Among the dunes at Formby Beach. Photo by Visit Southport

From pre-historic footprints to Natterjack Toads there are so many ways to have a wild day out in and around Southport which, with the Sefton coastline spanning 22 miles, proudly boasts one the most beautiful and expansive coastlines in the country.

The Sefton Coastal Path is a mixture of wildlife, sandy beaches and coastal marshes meaning you can be sure to find something different every time.

And you can breakdown into smaller walks so if you have the kids with you the walks can be shortened to suit their little legs.

 Here Marketing Southport suggests 6 wild ideas to get you started……

1 – Squirrel Cycle Route

A red squirrel in the National Trust Nature reserve at Formby near Southport Photo Chris Horan

A red squirrel in the National Trust Nature reserve at Formby near Southport Photo Chris Horan

Visitors to the Eco Visitor Centre in Southport can hire a bike and opt to take a number of routes packed with wildlife encounters.

These include the Squirrel Cycle Route which links Southport to Formby and passes several Nature Reserves.

You will travel along the line of the old Cheshire Lines Railway, passing the Queens Jubilee Nature Trail, Birkdale Nature Reserve, the Sands Lake Nature Trail and Pontins Holiday Park.

You then pass-through Ainsdale Sand Dunes Nature Reserve, home of the sand lizards and natterjack toads, before reaching Formby Golf Club and Freshfield Dune Heath Nature Reserve.

You will also pass RAF Woodvale before reaching the end of the route at the entrance of the National Trust site, famous for its Red Squirrel population.

 2 – National Trust Formby

Formby is a coastal nature haven and as well as miles of coastal walks you can see a cavalcade of creatures and rare species among some of Europe’s best sand dune habitats as part of National Trust Formby’s amazing and ever-changing landscape.

Enjoy breath-taking sea views after winding through the pine woods and spotting red squirrels. It is a full day out, with fresh air, nature, and a stunning changing coastline.

There’s also the chance to see natterjack toads, great crested newts and lizards and visitors can also look out for ground nesting, wading and sea birds including oystercatchers and sanderlings.

And if that wasn’t enough why not take the family on a stroll along the Asparagus Trail, a hidden gem nestled in Formby’s National Trust site.

More details, prices, and parking information here.

 3 – Botanic Gardens for birds, ferns, and fabulous flowers

Botanic Gardens in Churchtown in Southport. Photo by Andrew Brown Media

Botanic Gardens in Churchtown in Southport. Photo by Andrew Brown Media

Originally opened in 1874, these Victorian gardens in Churchtown are bursting with floral splendour and colourful displays, lake, and multitude of pathways and tunnels to explore.

Bird lovers will be in their element as there is also an open-air aviary.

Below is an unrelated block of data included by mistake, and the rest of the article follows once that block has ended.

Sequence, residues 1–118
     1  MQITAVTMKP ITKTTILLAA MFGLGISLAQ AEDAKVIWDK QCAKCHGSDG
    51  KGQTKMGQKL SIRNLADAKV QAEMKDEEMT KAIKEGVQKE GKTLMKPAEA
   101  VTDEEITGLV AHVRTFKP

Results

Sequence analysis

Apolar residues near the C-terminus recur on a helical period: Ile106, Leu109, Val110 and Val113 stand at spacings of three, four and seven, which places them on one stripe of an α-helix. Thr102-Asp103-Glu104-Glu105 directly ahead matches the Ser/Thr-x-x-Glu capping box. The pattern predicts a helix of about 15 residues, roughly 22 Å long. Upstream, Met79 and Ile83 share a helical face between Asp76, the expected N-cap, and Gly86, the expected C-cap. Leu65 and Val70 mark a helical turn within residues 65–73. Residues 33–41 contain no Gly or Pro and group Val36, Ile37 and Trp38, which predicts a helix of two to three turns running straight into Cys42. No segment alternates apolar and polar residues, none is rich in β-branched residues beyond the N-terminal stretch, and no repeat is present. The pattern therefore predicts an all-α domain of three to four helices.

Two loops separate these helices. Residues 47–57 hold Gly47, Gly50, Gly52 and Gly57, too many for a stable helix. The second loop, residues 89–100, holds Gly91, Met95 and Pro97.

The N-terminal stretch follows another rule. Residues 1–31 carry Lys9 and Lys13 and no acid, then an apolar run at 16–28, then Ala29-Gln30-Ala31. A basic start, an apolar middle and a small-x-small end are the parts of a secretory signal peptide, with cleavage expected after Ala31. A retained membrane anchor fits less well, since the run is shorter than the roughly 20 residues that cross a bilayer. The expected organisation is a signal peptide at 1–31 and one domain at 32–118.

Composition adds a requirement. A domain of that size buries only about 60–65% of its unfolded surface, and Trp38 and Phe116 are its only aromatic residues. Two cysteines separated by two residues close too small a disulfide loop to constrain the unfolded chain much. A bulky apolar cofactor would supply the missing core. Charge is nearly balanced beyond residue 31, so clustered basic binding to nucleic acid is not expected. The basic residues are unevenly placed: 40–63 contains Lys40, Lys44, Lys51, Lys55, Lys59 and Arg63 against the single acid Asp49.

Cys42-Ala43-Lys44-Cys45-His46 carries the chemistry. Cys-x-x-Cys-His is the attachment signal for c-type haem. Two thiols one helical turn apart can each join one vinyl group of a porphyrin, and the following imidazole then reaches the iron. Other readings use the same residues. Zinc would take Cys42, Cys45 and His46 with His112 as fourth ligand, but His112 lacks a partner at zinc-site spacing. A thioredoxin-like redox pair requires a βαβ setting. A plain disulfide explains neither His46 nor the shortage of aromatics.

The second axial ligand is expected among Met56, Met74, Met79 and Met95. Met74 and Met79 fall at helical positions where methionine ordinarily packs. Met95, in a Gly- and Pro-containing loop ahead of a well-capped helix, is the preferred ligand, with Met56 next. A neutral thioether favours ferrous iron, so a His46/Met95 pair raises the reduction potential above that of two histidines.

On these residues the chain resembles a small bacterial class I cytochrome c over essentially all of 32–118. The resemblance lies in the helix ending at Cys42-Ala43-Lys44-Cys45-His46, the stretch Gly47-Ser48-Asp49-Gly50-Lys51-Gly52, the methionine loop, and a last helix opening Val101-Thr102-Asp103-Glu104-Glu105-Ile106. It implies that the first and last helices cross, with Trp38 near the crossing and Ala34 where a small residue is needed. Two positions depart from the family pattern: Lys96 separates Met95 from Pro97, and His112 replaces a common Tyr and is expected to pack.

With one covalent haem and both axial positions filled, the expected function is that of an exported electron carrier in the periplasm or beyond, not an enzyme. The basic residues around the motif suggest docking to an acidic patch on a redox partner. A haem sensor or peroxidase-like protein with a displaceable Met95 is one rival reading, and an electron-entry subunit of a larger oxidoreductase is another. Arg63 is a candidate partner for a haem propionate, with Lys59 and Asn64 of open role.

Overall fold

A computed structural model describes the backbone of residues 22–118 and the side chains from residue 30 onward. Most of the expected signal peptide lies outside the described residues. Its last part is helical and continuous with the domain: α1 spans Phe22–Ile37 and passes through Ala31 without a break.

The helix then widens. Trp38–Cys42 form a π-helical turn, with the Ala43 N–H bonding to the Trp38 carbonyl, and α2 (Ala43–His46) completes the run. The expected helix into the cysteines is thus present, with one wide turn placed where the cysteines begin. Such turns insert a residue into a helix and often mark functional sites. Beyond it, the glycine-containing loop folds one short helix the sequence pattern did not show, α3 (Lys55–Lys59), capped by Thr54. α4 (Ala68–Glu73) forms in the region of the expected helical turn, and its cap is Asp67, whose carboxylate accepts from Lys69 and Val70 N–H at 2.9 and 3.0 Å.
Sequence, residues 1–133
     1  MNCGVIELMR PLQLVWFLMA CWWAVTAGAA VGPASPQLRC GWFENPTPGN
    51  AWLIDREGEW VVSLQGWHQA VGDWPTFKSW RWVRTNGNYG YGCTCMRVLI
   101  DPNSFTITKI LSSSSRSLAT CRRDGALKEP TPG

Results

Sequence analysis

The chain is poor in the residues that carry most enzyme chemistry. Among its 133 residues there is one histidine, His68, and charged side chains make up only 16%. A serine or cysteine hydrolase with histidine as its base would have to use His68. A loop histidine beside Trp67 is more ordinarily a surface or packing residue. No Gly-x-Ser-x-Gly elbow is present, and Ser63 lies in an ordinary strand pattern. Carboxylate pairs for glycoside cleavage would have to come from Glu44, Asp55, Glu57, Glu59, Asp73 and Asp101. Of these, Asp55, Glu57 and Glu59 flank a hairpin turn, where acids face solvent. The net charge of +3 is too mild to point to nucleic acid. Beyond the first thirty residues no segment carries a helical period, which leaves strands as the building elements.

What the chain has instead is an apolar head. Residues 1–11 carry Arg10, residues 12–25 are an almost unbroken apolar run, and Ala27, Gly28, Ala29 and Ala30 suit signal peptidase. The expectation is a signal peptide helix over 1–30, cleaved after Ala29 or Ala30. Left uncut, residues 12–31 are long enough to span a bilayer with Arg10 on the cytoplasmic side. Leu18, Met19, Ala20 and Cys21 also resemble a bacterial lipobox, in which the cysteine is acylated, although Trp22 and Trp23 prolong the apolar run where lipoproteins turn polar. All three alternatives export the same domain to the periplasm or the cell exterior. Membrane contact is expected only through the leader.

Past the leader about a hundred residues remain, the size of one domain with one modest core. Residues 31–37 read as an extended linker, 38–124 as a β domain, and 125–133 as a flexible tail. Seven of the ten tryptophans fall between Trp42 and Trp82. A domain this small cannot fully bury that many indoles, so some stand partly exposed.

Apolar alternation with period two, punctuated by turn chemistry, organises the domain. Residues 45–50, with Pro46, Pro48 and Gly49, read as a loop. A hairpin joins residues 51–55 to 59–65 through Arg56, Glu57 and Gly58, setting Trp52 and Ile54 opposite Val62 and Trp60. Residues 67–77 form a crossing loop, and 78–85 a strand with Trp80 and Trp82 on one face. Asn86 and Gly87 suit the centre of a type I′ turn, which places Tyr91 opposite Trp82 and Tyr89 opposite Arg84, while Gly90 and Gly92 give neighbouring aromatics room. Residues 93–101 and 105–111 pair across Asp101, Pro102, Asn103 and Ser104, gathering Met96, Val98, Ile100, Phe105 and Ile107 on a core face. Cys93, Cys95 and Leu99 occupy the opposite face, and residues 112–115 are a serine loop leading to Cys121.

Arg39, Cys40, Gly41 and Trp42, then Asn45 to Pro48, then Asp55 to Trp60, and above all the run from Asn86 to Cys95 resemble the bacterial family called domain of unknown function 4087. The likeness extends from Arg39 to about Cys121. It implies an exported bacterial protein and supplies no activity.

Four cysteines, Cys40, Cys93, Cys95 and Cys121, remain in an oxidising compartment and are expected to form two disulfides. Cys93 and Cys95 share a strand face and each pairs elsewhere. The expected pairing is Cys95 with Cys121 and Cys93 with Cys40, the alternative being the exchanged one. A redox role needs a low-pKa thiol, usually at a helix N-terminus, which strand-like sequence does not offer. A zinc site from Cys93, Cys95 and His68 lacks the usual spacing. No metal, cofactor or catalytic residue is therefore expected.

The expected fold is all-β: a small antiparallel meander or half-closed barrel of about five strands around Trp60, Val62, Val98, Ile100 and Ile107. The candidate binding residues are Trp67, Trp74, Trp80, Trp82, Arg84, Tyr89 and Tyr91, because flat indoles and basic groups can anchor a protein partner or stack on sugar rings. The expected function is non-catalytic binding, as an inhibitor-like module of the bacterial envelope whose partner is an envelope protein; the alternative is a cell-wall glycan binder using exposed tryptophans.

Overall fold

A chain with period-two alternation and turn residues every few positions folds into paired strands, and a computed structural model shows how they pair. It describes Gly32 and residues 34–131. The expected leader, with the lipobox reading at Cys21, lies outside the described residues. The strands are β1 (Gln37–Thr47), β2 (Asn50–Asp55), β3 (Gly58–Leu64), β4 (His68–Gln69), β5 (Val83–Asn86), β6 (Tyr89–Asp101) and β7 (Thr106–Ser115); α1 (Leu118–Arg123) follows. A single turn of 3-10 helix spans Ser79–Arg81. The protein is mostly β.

It also boasts the Victorian Fernery, which open all year round houses a wonderful display of ferns of all shapes and sizes.

The popular Botanic Gardens Cafe specialises in homemade food and snacks as well as selling a variety of gifts and toys.

More information here.

 4 – Hesketh Park

Based in Park Crescent and less than a mile’s walk from Southport’s famous Lord Street lies picturesque Hesketh Park, a 12-hectare Victorian Park with ample free on street parking and a perfect place to lose track of time.

There’s a large children’s play area, mini golf course in a woodland setting. There are numerous nature trails throughout this picturesque park, containing varied wildlife and resident ducks on the lake.

Other features of the park include the American, Clock, Specimen, Herbaceous, Mixed Flower and Rose Gardens.

The park has undergone £3million of improvement works, which has seen the gardens and ornate fountains restored and reconstructed, to bring the park back to its former glory. Funding has also been secured to repair the park’s historic and iconic conservatory.

It is also home to a historic astronomical observatory which is opened on a regular basis for visitors thanks to the efforts of volunteers from the Southport Astronomical Society. 

More information here.

 5 – Wish MOO were here – cows on the dunes! 

A stunning shot of the Longhorn cattle at Birkdale (Picture: Theresa Hobes)

A stunning shot of the Longhorn cattle at Birkdale (Picture: Theresa Hobes)

If you spot cows on the sand dunes along the Southport coast – do not worry your eyes aren’t deceiving you!

Sefton Council carries out its annual schedule of habitat management works at key sites along the coast and as part of this vital undertaking its Green Sefton service brings grazing animals onto the Local Nature Reserves to help control vegetation growth.

In recent times cattle moo-ved to the reserve at Ainsdale for grazing until the spring has included Herdwick sheep from Cumbria alongside Belted Galloway cattle from neighbouring Lancashire.

The cows are an essential tool in the management of Sefton’s scientifically important sand dunes and their notable presence encourages diverse plant species to grow and dune specialists such as Natterjack Toads, Sand Lizards and Northern Tiger Beetles to thrive.

 6 – Prehistoric footprints at Formby 

The Formby Footprints are located along a 4km stretch of the coast between Lifeboat Road and Gypsy Wood.

As the University of Liverpool puts it the footprints “provide an intimate glimpse into the past” and were formed when the region comprised muddy saltmarshes.

These saltmarshes flourished on and off across a period extending some 8000 years.

It is speculated that the reason the human footprints are not within animal footprints is due to the high regard humans had towards animals sharing their landscape.

More details can also be found at 


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